It seems amazing – and perhaps a little weird that this literature was presented to children. Perhaps more amazing is how much the kids loved it.
Would there be complaints in 2021 about allowing small children to read a poem that alluded to a child dying? I think there might have been.
What a huge difference in so many ways has come about in kids’ reading matter.
And now, I am wondering about that huge reading topic gap in the decades since kids enjoyed reading a sad poem about a dying child or fantastic (and most improbable) Enid Blyton adventures experienced by groups of children, towards book topics that would have been unimaginable in the 1950s.
Of course, in the middle of this, we have had the popular Harry Potter series and plenty of other books that have hopefully encouraged children to read.
I know that in times of modern smart televisions, smart phones, and computer games everything has changed, it must be a challenge to have kids read a book.
If it must be Harry Potter type fantasy or even books about bums, farts and burps, then the means possibly justifies the end.
Is that so?
But, whatever will be next?
*Little Boy Blue
The little toy dog is covered with dust,
But sturdy and stanch he stands;
And the little toy soldier is red with rust,
And his musket molds in his hands.
Time was when the little toy dog was new,
And the soldier was passing fair;
And that was the time when our Little Boy Blue
Kissed them and put them there.
"Now, don't you go till I come," he said,
"And don't you make any noise!"
So, toddling off to his trundle-bed,
He dreamt of the pretty toys;
And, as he was dreaming, an angel song
Awakened our Little Boy Blue
Oh! the years are many, the years are long,
But the little toy friends are true!
Ay, faithful to Little Boy Blue they stand,
Each in the same old place
Awaiting the touch of a little hand,
The smile of a little face;
And they wonder, as waiting the long years through
In the dust of that little chair,
What has become of our Little Boy Blue,
Since he kissed them and put them there.
I decided to write about trees as an antidote to the awfulness surrounding us.
I am choosing to calm my mind and concentrate on the healing power of nature’s garden - that is, trees.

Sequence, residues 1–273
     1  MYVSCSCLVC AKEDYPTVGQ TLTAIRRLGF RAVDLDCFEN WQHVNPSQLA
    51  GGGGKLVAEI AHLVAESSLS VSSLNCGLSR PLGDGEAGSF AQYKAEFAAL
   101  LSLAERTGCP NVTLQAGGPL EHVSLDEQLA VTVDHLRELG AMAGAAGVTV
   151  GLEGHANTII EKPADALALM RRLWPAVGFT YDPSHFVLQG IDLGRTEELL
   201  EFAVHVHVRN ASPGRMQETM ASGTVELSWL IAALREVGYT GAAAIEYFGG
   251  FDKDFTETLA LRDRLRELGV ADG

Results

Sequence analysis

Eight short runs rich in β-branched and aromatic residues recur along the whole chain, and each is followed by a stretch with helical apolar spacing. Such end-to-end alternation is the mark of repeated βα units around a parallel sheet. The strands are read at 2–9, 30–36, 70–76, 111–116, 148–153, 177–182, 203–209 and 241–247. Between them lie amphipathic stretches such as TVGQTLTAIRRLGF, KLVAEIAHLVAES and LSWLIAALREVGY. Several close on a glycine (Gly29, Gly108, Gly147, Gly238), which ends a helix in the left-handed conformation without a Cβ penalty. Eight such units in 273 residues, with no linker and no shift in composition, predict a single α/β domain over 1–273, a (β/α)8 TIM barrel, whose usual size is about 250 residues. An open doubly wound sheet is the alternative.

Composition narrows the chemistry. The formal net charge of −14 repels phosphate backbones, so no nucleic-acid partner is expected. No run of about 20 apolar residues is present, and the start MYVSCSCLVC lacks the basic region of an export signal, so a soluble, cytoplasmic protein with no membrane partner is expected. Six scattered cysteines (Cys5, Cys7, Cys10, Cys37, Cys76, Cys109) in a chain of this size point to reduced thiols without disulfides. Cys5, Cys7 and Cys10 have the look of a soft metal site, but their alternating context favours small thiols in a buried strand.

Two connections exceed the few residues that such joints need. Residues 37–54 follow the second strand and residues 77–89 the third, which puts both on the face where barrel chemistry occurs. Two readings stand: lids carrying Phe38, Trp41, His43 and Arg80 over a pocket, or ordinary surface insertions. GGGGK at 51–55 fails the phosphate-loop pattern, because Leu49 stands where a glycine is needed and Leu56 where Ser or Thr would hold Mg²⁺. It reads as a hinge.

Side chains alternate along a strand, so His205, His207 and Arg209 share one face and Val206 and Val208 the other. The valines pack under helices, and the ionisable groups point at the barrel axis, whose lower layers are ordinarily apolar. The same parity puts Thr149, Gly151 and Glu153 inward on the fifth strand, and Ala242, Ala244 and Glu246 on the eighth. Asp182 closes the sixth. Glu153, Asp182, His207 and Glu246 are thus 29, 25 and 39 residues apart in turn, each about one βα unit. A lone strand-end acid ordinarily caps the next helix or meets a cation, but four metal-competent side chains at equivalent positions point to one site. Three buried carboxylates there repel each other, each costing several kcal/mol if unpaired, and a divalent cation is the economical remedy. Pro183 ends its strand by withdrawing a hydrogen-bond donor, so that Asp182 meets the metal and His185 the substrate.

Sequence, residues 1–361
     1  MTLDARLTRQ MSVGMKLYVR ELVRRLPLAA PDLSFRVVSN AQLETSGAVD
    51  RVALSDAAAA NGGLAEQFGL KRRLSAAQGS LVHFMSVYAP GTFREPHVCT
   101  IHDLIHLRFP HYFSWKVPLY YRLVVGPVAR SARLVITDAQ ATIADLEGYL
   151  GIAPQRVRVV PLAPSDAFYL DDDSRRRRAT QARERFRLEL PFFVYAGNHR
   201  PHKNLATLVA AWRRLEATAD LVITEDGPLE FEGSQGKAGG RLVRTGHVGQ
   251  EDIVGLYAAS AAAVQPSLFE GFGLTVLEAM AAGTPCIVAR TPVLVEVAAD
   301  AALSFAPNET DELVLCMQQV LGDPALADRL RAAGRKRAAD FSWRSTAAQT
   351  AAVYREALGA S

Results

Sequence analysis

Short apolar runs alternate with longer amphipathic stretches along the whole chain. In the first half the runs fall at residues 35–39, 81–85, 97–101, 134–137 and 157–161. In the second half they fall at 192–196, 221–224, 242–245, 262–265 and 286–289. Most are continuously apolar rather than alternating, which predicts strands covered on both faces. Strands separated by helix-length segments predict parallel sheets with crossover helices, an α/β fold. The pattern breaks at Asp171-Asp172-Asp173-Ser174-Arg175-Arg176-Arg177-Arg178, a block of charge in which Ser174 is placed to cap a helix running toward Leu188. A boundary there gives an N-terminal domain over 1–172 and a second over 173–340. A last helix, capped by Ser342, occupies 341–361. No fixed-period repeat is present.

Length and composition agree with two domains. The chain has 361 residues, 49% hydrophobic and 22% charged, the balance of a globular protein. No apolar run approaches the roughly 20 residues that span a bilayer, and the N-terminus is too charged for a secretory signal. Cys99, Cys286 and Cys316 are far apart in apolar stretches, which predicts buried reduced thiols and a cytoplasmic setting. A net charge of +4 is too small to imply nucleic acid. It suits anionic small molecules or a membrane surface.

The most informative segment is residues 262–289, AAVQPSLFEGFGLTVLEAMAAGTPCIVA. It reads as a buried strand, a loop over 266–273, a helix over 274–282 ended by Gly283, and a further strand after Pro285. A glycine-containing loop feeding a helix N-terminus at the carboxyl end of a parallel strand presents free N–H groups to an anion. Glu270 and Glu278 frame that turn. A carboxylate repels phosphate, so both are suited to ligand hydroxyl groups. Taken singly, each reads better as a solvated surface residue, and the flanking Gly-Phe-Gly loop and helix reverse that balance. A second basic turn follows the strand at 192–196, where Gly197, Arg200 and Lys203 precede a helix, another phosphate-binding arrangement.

I am sick of the state of the nation – and the whole world - regarding everything: inequality, corruption, rorts, inability to deal constructively with Covid 19 and the tragic neglect of the urgent Climate Change situation.
So, I’m letting my mind wander off to trees….
I have always loved trees. I look at them, I breathe them in, and I often photograph them. Recently returned from a road trip around outback NSW, on reviewing my photos, I was not surprised to see that many of them were of trees.
I am currently reading “The Heartbeat of Trees”, by Peter Wohlleben*, who also wrote, “The Hidden Life of Trees”. Both excellent and enlightening books.
The amazing truth is that trees have a large input into how humans are “deeply connected to the natural world”.
They are lifesavers in more ways than one.
To cut them down and cause destruction of forests is unthinkable to many – including me.
Recent publicity around so-called, ‘forest bathing’, shows that it is proving to be a salve for stress and anxiety. No, it does not involve shedding of clothes, nor a bathtub! Search Google to find out more about the ‘Japanese wellbeing phenomenon’.
Part of what I wrote in March last year echoes what I have been reading lately, as it seems that it’s not only humans who need trees, but trees need other trees – and creatures – and humans should – and must - take trees more seriously!
…’Trees need each other to survive, and trees need what’s below the ground as well as water and sunshine and soil.
Trees are social beings. Trees have a symbiotic relationship with many creatures—insects, animals and birds…’
‘Trees do need other trees—and plenty of them. Leafy canopies protect them—and the underground, almost mysterious, symbiotic relationship between tree roots and the helpful subterranean fungi makes for healthy forests’.
‘Healthy forests’ are what we desperately need.
Here’s another interesting fact: When a tree dies the resultant nutrients nourish other nearby trees. Also, it is thought that ‘mother’ trees can detect distress signals from ailing trees and increase the flow of nutrients to them. Amazing!
Importantly, the contribution trees make to the ‘saving of the planet’ cannot be underestimated.
Trees are a wonderful and necessary part of our lives.
We neglect them at our peril.
*Peter Wohlleben is a German forester.
I choose to comment on social issues and write creatively on a variety of subjects - for a variety of audiences.